Shanghai Cooperation Organisation Comes into Focus for EU as G7 Implodes

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While the United States, their President Donald Trump, and the fractious meetings with the G7 have been gathering all the headlines, a competing and increasingly influential organization was holding its summit in Qingdao this weekend. Both summits are notable for their polarity, the G7 could almost be renamed “the West” with the exception of Japan, while the Shanghai Cooperation Organisation (SCO) is very definitely “the East”.

However, similarities between the two organizations stop there. The G7 is primarily a trade bloc, and changes its nature on occasion – it has been previously known as the G6 and G8, depending on which countries were members. While Russia was expelled from the G8 grouping in 2014, it is still a member of the SCO.

Other comparisons can be seen below:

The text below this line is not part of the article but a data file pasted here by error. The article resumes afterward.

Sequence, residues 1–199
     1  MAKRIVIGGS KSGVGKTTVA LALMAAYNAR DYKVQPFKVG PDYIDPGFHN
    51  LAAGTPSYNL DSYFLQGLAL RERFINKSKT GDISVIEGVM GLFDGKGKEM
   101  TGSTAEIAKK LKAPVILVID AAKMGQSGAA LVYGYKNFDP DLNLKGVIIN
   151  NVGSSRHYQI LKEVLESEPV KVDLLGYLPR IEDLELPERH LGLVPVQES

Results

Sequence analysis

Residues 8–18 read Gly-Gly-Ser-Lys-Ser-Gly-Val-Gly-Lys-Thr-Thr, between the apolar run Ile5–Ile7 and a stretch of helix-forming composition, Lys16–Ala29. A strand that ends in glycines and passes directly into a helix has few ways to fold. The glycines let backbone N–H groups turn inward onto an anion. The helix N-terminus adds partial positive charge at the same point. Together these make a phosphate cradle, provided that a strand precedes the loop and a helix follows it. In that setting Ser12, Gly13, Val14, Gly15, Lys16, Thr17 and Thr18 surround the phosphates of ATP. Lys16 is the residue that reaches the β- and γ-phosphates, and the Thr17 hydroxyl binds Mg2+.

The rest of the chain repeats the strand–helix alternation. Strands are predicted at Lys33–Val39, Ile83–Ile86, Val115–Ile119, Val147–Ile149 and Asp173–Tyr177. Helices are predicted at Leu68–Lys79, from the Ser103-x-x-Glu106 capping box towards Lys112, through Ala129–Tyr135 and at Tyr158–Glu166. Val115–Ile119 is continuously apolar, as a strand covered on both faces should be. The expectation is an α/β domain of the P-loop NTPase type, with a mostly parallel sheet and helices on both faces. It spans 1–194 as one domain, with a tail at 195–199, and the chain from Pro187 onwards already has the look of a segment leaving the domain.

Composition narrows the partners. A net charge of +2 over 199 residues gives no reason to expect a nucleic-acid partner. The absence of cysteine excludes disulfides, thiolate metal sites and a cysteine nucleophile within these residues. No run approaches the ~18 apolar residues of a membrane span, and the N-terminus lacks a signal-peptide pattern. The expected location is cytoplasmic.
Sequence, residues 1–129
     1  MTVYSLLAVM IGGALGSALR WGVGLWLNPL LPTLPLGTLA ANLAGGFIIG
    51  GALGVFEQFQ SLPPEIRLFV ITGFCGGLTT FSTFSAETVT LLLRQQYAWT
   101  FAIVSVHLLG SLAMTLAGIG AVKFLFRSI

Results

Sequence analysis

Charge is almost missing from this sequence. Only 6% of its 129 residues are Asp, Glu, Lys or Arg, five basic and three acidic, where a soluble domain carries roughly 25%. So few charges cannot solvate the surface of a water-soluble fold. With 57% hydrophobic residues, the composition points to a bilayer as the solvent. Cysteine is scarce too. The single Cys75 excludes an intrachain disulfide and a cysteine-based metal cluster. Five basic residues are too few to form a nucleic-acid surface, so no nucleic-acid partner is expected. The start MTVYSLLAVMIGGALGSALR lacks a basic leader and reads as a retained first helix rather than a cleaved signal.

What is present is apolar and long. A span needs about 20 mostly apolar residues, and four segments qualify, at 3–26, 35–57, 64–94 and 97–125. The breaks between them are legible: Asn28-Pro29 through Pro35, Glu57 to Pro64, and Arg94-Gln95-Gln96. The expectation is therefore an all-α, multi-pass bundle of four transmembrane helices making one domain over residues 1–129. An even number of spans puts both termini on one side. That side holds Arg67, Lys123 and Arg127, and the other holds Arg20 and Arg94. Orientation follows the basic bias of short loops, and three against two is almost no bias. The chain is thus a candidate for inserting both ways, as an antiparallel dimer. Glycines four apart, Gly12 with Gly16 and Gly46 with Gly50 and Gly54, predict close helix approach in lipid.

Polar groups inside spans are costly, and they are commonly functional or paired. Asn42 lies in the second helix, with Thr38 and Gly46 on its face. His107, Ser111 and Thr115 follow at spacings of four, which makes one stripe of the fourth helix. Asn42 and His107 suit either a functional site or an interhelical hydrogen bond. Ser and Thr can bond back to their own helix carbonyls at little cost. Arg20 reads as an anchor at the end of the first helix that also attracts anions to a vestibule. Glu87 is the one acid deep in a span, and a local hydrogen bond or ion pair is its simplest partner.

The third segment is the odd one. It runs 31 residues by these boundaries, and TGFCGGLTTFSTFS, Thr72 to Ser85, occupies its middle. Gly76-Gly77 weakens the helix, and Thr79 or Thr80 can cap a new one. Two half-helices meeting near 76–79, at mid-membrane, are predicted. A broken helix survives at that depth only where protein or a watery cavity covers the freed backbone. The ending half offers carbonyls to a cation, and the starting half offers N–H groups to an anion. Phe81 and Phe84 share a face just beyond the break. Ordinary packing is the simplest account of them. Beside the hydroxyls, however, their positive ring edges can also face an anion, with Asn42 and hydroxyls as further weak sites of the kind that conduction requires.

Canada, France, Germany, Italy, Japan, United Kingdom, United States
Participating: EU
Percentage Of Global GDP: 46%
GDP: US$59 Trillion


China, India, Kazakhstan, Kyrgyzstan, Pakistan, Russia, Tajikistan, Uzbekistan
Observers: Afghanistan, Belarus, Iran, Mongolia
Dialogue Partners: Armenia, Azerbaijan, Cambodia, Nepal, Sri Lanka, Turkey
Guests: ASEAN, CIS, Turkmenistan, UN
Percentage of Global GDP: 29% *
GDP: US$16.3 Trillion *

* not including ASEAN, CIS or UN

While the comparisons are interesting, they do not tell the whole story. The G7 is an informal “club” based grouping, principally the most “advanced” economies in the world, although I find the term somewhat archaic and exclusive. Who, for example, measures what “advanced” actually means? The grouping’s current structure is also somewhat in doubt, with President Trump apparently not impressed either with the subject matter nor his fellow delegates. It remains to be seen what the future of the G7 will be.